The IT R&D Program in 2003 focuses on solidification of software and service sector technology development that can create new IT demand based on mature private sector capabilities. Also, the program concentrates on high integration and Social Overhead Capital (SOC) in the parts industry, so that highly price-competitive products can be produced on time.
Looking into R&D investment size in 2003, the total size was 917.8 billion won: contribution sector, 641.8 billion won; loan sector, 300 billion won and; investment sector, 30 billion won.
Pan-Government Departments National R&D Projects
There is a national R&D project promoted by pan-government departments instead of by one department: the 21C Frontier R&D Program.
The 21C Frontier R&D Program, as a follow-up project of the Leading Technology Development Program, which ended in 2001, is a mid-term and long-term national R&D program to develop the future strategic technology sector as the world`s top level technology by selecting the future strategic technology sector and intensively investing into it, under the judgment that the program has comparative advantage over those of other advanced countries. About 10 billion won is provided for 10 years by project corps. In 1999, two project corps were operated, while 5 were operated in 2000. In 2001, there were 5 project corps and in 2002 there were 8; thus, a total of 18 project corps were operated. In 2003, four potential technologies have been selected as project tasks: intelligent robots, ubiquitous computing, hydrogen energy-saving devices and brain disease treatment; thus, the Frontier R&D project corps have increased to 22.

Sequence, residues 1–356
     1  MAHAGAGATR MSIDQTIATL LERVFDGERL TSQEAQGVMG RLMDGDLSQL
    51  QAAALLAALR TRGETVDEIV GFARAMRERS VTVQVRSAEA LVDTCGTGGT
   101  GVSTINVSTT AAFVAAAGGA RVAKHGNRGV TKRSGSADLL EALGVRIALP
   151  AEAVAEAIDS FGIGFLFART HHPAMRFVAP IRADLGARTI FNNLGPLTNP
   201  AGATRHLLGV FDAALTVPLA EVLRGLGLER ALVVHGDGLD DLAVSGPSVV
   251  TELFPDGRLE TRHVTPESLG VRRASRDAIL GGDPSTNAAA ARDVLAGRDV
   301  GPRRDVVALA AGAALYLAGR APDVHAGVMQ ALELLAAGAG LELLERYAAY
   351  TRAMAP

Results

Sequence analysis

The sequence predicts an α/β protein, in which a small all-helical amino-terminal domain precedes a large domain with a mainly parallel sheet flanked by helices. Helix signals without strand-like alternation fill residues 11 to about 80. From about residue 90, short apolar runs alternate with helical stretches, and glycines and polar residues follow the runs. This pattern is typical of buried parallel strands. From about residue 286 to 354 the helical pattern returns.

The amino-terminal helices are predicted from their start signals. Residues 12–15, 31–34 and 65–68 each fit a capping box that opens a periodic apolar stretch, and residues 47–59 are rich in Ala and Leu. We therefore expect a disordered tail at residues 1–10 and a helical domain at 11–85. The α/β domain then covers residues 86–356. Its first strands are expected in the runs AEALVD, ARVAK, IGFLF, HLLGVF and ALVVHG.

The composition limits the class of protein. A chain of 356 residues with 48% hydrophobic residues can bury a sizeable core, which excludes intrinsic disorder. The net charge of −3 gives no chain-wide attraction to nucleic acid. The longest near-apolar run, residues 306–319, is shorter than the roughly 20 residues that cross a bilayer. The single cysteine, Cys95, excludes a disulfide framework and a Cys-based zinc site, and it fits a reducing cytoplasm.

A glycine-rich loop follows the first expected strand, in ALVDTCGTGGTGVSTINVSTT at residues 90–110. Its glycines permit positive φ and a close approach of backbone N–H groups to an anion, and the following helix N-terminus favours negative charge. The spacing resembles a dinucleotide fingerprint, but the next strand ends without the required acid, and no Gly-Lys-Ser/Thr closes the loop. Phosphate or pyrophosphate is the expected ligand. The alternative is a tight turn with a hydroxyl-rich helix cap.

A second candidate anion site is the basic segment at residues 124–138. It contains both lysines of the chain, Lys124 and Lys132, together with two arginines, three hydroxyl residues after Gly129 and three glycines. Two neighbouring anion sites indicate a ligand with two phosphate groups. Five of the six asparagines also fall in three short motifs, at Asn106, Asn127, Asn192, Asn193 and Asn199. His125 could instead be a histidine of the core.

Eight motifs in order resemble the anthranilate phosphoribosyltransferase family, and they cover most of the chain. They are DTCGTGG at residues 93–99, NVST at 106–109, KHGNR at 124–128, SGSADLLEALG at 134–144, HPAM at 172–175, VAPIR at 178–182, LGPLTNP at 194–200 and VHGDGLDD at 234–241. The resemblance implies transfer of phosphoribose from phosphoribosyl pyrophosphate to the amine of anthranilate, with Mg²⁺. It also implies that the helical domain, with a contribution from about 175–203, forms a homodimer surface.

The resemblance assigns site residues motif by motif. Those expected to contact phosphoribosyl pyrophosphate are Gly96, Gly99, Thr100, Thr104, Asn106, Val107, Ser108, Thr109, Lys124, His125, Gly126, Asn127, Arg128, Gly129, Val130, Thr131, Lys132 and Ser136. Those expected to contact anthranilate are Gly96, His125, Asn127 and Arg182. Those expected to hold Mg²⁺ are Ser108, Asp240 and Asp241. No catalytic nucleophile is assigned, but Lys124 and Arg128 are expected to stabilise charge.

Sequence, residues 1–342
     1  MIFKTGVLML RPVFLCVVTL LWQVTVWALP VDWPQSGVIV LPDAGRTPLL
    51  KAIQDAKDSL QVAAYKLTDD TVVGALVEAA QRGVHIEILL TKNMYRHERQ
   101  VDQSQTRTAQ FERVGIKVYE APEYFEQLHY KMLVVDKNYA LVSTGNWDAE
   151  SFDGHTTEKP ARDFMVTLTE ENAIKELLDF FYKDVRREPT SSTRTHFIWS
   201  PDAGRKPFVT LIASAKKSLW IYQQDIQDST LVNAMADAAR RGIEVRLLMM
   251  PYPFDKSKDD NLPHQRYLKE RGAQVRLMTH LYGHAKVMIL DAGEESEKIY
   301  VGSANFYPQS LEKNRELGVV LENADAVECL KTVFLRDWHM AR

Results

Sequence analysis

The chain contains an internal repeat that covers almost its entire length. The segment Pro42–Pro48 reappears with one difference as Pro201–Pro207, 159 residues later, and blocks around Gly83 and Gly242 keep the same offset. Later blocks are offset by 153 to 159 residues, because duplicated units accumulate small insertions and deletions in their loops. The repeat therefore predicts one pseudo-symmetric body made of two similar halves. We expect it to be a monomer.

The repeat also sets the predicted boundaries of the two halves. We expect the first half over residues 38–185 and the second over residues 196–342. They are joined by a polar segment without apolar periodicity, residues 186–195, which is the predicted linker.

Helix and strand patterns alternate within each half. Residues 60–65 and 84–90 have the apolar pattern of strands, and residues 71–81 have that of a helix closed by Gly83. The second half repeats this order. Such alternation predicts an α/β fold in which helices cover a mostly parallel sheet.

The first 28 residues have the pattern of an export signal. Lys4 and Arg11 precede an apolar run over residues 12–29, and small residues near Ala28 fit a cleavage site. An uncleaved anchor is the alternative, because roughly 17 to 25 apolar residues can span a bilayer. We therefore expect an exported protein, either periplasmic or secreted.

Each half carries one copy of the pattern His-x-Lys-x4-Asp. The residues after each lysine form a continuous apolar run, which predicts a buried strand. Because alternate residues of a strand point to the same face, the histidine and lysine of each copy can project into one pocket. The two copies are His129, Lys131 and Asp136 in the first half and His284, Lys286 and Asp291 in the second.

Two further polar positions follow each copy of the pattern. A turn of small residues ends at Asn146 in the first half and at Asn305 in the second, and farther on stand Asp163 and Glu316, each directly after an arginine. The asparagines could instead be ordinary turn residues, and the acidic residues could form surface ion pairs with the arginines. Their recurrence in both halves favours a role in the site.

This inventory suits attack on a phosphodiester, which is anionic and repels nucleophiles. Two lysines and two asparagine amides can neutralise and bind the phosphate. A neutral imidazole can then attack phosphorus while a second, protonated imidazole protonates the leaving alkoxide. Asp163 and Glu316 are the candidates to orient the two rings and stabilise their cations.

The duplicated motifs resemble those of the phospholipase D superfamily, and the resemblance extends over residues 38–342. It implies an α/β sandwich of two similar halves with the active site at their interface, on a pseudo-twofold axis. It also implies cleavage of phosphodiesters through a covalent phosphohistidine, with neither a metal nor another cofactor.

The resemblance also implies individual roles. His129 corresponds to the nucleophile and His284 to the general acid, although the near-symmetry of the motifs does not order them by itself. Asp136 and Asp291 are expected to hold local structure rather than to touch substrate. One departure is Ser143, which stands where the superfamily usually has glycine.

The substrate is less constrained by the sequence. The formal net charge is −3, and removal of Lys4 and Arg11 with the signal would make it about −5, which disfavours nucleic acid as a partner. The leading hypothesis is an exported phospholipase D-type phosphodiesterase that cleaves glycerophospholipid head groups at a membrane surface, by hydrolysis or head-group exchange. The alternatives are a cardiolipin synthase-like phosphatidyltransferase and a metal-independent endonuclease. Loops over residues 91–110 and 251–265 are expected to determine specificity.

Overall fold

Fund Financial Support System
Korean government provides various financial support structures for firms` R&D. As financial support policy, the government provides contribution support, fund operation through government budget accounting, and a technology credit guarantee system. Comprehensive financial supporting systems are as follows:
In addition, venture capital investment support by startup investment firms established under the SMB Startup Supporting Act and policy fund support by commercial banks play an important role in the technology development financial support system.